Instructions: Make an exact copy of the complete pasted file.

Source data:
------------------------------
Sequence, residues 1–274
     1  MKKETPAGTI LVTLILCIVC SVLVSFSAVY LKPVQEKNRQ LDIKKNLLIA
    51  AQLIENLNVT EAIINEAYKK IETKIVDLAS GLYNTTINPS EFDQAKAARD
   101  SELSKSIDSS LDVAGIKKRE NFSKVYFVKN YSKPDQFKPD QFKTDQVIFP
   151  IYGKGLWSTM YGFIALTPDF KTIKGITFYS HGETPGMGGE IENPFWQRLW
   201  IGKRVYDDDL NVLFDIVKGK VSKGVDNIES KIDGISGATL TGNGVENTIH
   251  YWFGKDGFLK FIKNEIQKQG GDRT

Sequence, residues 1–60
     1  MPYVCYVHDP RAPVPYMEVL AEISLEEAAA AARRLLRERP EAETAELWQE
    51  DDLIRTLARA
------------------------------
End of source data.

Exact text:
Sequence, residues 1–274
     1  MKKETPAGTI LVTLILCIVC SVLVSFSAVY LKPVQEKNRQ LDIKKNLLIA
    51  AQLIENLNVT EAIINEAYKK IETKIVDLAS GLYNTTINPS EFDQAKAARD
   101  SELSKSIDSS LDVAGIKKRE NFSKVYFVKN YSKPDQFKPD QFKTDQVIFP
   151  IYGKGLWSTM YGFIALTPDF KTIKGITFYS HGETPGMGGE IENPFWQRLW
   201  IGKRVYDDDL NVLFDIVKGK VSKGVDNIES KIDGISGATL TGNGVENTIH
   251  YWFGKDGFLK FIKNEIQKQG GDRT

Sequence, residues 1–60
     1  MPYVCYVHDP RAPVPYMEVL AEISLEEAAA AARRLLRERP EAETAELWQE
    51  DDLIRTLARA